We began working with Sport England, seven years ago. Our brief was to close the gender gap in activity levels with almost two million fewer women than men regularly exercising, despite the significant investment in sporting infrastructure and the effects of the London 2012 Olympic Games. Sport England’s own research revealed that 75% of women wanted to do more exercise but something was stopping them. Poring over hundreds of pages of research and conducting numerous focus groups across the country, we learned that there were a myriad of reasons why this was the case. However, we uncovered one overarching barrier which proved to be the killer insight – the fear of judgment. Women were worried about being judged on their appearance, during and after exercise; on their ability, whether they were a beginner or ‘too good’; or for spending time exercising instead of prioritising their children or studying.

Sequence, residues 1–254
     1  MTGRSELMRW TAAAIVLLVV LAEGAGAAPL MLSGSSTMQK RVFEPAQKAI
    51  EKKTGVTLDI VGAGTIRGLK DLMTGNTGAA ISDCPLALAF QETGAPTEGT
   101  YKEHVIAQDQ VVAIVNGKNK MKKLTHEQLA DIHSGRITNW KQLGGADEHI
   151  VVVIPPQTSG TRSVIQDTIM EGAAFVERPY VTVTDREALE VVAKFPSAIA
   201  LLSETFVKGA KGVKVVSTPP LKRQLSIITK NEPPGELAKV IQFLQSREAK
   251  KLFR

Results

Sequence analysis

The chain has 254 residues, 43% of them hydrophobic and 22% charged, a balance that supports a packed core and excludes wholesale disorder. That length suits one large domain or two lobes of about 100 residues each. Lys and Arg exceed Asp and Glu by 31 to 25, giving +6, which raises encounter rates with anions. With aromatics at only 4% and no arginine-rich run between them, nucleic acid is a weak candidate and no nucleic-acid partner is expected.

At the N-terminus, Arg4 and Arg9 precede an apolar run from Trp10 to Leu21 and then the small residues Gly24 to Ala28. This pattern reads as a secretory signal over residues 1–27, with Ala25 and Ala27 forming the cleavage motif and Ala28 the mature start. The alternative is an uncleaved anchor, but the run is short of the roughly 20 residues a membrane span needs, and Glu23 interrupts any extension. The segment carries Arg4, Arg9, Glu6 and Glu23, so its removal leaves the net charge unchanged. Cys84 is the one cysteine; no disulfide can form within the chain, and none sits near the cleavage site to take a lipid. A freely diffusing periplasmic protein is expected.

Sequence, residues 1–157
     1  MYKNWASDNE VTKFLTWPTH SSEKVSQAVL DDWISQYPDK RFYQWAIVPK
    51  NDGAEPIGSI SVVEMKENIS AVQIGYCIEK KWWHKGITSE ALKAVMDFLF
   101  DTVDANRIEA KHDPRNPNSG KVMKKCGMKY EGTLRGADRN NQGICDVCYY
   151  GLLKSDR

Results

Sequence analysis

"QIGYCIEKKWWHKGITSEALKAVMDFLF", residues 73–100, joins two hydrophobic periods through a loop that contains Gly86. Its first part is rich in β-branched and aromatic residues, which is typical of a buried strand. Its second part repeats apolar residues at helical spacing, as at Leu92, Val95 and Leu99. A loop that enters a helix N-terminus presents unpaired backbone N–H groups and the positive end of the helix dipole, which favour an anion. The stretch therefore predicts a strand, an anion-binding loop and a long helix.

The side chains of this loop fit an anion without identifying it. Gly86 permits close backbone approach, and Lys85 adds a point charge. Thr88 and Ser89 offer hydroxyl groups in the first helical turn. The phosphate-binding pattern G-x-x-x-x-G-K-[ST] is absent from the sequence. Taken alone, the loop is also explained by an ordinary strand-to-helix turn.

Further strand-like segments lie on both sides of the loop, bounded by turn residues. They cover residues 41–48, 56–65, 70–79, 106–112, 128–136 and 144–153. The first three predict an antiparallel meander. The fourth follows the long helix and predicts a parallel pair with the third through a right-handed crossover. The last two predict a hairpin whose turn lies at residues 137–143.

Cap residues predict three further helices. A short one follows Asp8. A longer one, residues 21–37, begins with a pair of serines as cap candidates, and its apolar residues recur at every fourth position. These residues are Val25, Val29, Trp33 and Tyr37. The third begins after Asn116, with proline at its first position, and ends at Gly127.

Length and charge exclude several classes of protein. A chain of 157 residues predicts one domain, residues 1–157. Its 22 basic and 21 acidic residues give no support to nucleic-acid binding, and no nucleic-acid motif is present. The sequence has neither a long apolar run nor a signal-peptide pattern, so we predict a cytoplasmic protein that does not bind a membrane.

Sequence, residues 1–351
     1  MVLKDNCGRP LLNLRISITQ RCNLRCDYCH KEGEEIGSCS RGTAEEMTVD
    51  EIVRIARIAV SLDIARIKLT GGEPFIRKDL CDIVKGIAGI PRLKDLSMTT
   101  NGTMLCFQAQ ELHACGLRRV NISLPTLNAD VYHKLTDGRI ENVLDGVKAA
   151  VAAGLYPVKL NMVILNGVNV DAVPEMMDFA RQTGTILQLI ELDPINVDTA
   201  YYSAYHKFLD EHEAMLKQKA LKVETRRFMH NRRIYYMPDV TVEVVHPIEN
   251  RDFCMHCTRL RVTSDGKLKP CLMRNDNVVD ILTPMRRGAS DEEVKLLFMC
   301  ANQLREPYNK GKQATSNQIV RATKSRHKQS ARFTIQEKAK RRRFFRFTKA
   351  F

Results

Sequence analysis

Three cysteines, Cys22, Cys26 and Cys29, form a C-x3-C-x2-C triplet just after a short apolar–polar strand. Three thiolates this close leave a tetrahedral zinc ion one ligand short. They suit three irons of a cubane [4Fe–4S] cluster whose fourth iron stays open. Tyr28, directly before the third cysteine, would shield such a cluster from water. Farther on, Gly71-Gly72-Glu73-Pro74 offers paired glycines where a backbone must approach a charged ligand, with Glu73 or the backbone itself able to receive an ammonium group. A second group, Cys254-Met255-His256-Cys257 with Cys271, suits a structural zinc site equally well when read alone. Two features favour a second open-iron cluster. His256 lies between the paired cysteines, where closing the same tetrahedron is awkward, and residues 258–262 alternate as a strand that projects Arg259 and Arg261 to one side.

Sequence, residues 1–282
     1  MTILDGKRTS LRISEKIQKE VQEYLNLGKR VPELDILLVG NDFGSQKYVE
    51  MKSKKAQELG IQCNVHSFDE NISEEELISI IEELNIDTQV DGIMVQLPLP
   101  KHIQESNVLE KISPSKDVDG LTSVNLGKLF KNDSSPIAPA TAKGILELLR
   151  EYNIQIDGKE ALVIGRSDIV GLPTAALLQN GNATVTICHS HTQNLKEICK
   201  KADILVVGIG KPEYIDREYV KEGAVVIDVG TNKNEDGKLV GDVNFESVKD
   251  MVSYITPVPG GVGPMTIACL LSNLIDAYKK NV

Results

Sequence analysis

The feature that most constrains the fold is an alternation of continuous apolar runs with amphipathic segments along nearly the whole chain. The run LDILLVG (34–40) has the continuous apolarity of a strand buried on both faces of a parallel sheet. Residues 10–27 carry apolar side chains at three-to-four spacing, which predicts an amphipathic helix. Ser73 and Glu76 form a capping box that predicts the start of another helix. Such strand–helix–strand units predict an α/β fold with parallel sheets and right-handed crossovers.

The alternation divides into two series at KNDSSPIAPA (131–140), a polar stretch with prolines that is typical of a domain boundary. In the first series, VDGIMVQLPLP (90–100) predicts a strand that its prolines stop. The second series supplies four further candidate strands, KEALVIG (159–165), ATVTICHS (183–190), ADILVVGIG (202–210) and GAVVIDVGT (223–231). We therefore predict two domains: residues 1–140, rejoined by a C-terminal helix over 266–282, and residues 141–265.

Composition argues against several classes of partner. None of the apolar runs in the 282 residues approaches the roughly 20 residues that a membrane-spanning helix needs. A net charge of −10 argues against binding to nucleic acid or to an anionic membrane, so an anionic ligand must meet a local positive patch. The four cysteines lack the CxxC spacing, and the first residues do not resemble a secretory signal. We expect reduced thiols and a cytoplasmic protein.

This insight gave us an incredibly clear role for communications - to liberate women from the judgements that hold them back by replacing their fear with a "don’t give a damn" attitude. Instead of a traditional creative brief with proof points that would have resulted in a rational response, we crafted a manifesto for the creative teams to work to because we knew we had to move women emotionally.
“Women come in all shapes and sizes and all levels of ability.
It doesn’t matter if you’re rubbish or an expert. The point is you’re a woman and you’re doing something”.
Borne out of this powerful unifying manifesto, ‘This Girl Can’ was created, a brand built from the audience up, championing women across England who were getting active their own way and smashing through their judgment barriers.
The film that kicked off a movement. This Girl Can's debut campaign from 2015.